3) Anger in action: Sudden outbursts of uncontrollable anger, which often result in physical assault or abuse. Jesus says that such anger deserves hellfire as its punishment. In short, Jesus teaches that long-lasting anger is bad, contemptuous speech or destroying someone’s reputation is worse and harming another physically is the worst.
Life messages: 1) Let us try to forgive, forget, and move toward reconciliation as soon as possible. St. Paul advises us “Be angry (righteous anger), but do not sin” (Eph 4: 26). 2) When we keep anger in our mind, we are inviting physical illnesses like hypertension and mental illnesses like depression. Let us relax, keep silence when we are angry, and pray for God’s strength for self-control. Fr. Tony (https://frtonyshomilies.com/) L/20
June 12 Friday: Mt 5.: 27-32: But I say to you that everyone who looks at a woman lustfully has already committed adultery with her in his heart. 29 If your right eye causes you to sin, pluck it out and throw it away; it is better that you lose one of your members than that your whole body be thrown into hell. 30 And if your right hand causes you to sin, cut it off and throw it away; it is better that you lose one of your members than that your whole body go into hell. 31 “It was also said, `whoever divorces his wife, let him give her a certificate of divorce.’ But I say to you that everyone who divorces his wife, except on the ground of unchastity, makes her and adulteress; and whoever marries a divorced woman commits adultery. USCCB video reflections:https://youtu.be/ir66pf8d34o?list=PLpTzvCOJa7DAlWO6X2kAG00Pyg_VQd3RD
The context: In his Sermon on the Mount, Jesus outlines a new moral code for his followers, which is different from the Mosaic moral code. He insists that adultery, the violation of the Sixth Commandment, is also committed through willfully generated evil and impure looks, and evil thoughts and desires purposely created and held in the mind.
Interpreting Jesus’ words about self-mutilation. Our hands do not themselves sin, but are made the mind’s agents for sin according to what we touch and how we touch, in lust or greed or violence. Our eyes become agents of sins according to what they look at. In recommending mutilation of eyes and hands, Jesus is not speaking literally because we have more sins than we have body-parts. Besides, even if all offending parts were removed, our minds — the source of all sins — would still be intact, causing us to sin by thoughts and desires. So Jesus teaches us that, just as a doctor might remove a limb or some part of the body like an infected gall bladder, an inflamed appendix, cancerous colon sections, etc., in order to preserve the life of the whole body, so we must be ready to part with anything that causes us to commit grave sin or which leads to spiritual death (the “near occasions of sin.”) Hence, these warnings are actually about our attitudes, dispositions, and inclinations. Jesus recommends that our hands become agents of compassion, healing and comfort, and that our eyes learn to see the truth, goodness and beauty that are all around us.
Clear teaching on divorce: According Matthew’s account, adultery is the only ground for sanctioning divorce. Based on the NT teachings given in Mk 10:1-12, Mt 5:31-32; Mt 19:3-9; Lk 16:18; and 1 Cor 7:10-11, the Catholic Church teaches that Marriage is a Sacrament involving both a sacred and legal contract between a man and a woman and, at the same time, a special Covenant with the Lord. “Divorce is also a grave offense against the natural law. Besides, it claims to break the contract, to which the spouses freely consented, to live with each other till death….” Divorce is immoral also because it introduces disorder into the family and into society” (CCC #2384, 2385).Fr. Tony (https://frtonyshomilies.com/) L/20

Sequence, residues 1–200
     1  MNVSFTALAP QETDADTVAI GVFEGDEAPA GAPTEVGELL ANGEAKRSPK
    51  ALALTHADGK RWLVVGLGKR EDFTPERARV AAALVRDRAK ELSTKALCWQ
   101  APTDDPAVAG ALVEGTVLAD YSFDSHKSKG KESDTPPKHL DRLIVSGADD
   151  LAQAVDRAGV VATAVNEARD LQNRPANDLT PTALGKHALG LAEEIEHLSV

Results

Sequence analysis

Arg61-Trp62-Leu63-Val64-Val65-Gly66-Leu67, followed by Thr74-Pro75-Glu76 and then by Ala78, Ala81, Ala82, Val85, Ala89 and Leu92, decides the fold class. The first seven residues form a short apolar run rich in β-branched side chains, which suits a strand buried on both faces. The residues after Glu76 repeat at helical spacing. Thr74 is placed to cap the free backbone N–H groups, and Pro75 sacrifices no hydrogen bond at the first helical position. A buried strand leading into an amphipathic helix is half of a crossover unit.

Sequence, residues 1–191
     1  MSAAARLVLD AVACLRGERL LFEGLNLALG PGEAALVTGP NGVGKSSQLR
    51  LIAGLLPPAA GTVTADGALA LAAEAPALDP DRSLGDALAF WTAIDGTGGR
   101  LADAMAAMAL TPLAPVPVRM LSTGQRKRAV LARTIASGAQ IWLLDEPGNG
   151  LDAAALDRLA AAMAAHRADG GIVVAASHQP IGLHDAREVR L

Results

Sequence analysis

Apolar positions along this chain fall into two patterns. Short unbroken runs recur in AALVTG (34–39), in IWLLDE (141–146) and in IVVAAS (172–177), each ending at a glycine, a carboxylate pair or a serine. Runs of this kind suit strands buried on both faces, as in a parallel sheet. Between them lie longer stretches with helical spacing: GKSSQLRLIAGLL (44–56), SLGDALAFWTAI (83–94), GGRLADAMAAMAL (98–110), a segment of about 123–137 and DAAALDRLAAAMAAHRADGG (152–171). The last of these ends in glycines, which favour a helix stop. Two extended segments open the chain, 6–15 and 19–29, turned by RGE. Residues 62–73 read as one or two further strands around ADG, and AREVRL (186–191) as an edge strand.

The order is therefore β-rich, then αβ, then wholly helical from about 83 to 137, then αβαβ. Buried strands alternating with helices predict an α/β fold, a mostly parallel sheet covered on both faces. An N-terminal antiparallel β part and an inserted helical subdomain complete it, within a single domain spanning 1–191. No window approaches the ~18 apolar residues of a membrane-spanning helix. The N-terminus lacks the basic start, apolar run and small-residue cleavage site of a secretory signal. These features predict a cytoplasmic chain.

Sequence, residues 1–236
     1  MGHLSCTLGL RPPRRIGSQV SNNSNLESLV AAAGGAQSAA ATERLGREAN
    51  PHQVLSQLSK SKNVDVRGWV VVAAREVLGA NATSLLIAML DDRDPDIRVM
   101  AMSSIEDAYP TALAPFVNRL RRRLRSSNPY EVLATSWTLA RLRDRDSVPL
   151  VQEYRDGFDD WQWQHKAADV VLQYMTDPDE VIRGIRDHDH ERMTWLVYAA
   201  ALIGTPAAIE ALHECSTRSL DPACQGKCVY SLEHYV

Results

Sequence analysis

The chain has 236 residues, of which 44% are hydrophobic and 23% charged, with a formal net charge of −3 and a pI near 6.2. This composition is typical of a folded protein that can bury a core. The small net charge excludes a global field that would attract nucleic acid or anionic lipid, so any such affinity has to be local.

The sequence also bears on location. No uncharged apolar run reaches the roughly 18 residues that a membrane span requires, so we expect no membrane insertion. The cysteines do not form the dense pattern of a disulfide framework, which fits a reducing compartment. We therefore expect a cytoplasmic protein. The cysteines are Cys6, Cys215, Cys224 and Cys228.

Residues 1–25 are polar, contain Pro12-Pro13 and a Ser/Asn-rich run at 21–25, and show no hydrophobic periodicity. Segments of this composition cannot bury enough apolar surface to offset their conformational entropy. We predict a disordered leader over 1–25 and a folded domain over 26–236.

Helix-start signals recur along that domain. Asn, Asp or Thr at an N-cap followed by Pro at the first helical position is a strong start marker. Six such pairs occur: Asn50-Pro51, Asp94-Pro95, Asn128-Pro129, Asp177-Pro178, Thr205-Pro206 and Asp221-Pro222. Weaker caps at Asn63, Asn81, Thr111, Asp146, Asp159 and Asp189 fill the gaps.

June 13 Saturday (St. Anthony of Padua, Doctor of the Church) https://www.franciscanmedia.org/saint-anthony-of-padua/ : Mt 5:33-37:: 33 “Again you have heard that it was said to the men of old, `You shall not swear falsely, but shall perform to the Lord what you have sworn.’ 34 But I say to you, do not swear at all, either by heaven, for it is the throne of God, 35 or by the earth, for it is his footstool, or by Jerusalem, for it is the city of the great King. 36 And do not swear by your head, for you cannot make one hair white or black. 37 Let what you say be simply `Yes’ or `No’; anything more than this comes from evil. USCCB video reflections: http://www.usccb.org/bible/reflections/index.cfm
The context: Jesus outlines a new moral code for his followers in his Sermon on the Mount, different from, and superior to, the Mosaic moral code. According to the teachings of Jewish rabbis, the world stands fast on truth, justice and peace; hence, liars, slanderers, scoffers and hypocrites will not enter Heaven. The rabbis classified two types of oaths as offensive to God: 1) frivolous oaths using God’s name to support a false statement, because this violates the second commandment. 2) evasive oaths using words like Heaven, Jerusalem, my head, because God is everywhere, and He owns everything.
Jesus’ teaching: Be righteous; be men and women of integrity and character. If one is honest in one’s words and deeds, there is no need for one to support one’s statements and transactions with oaths or swearing. “How forceful are honest words”! (Job 6:25). An oath is a solemn invocation of God (“So help me, God!”) to bear witness to the truth of what one asserts to be the case or to the sincerity of one’s undertakings in regard to future actions. It is necessary and admissible to ask God’s help in the discharge of an important social duty (e.g., President’s oath of office) or while bearing witness in a court of law (“I will tell the truth, the whole truth, and nothing but the truth, so help me, God”). In other cases, Jesus teaches, “Say ‘Yes,’ when you mean ‘Yes.’ and say ‘No,’ when you mean ‘No,’ (Mt 5:37). That is, He invites us to live in truth in every instance and to conform our thinking, our words and our deeds to the truth.
Life messages: 1) Let us be true to God, to ourselves and to others. 2) Let us allow God’s word of truth to penetrate our minds and heart and to form our conscience. Fr. Tony (https://frtonyshomilies.com/) L/20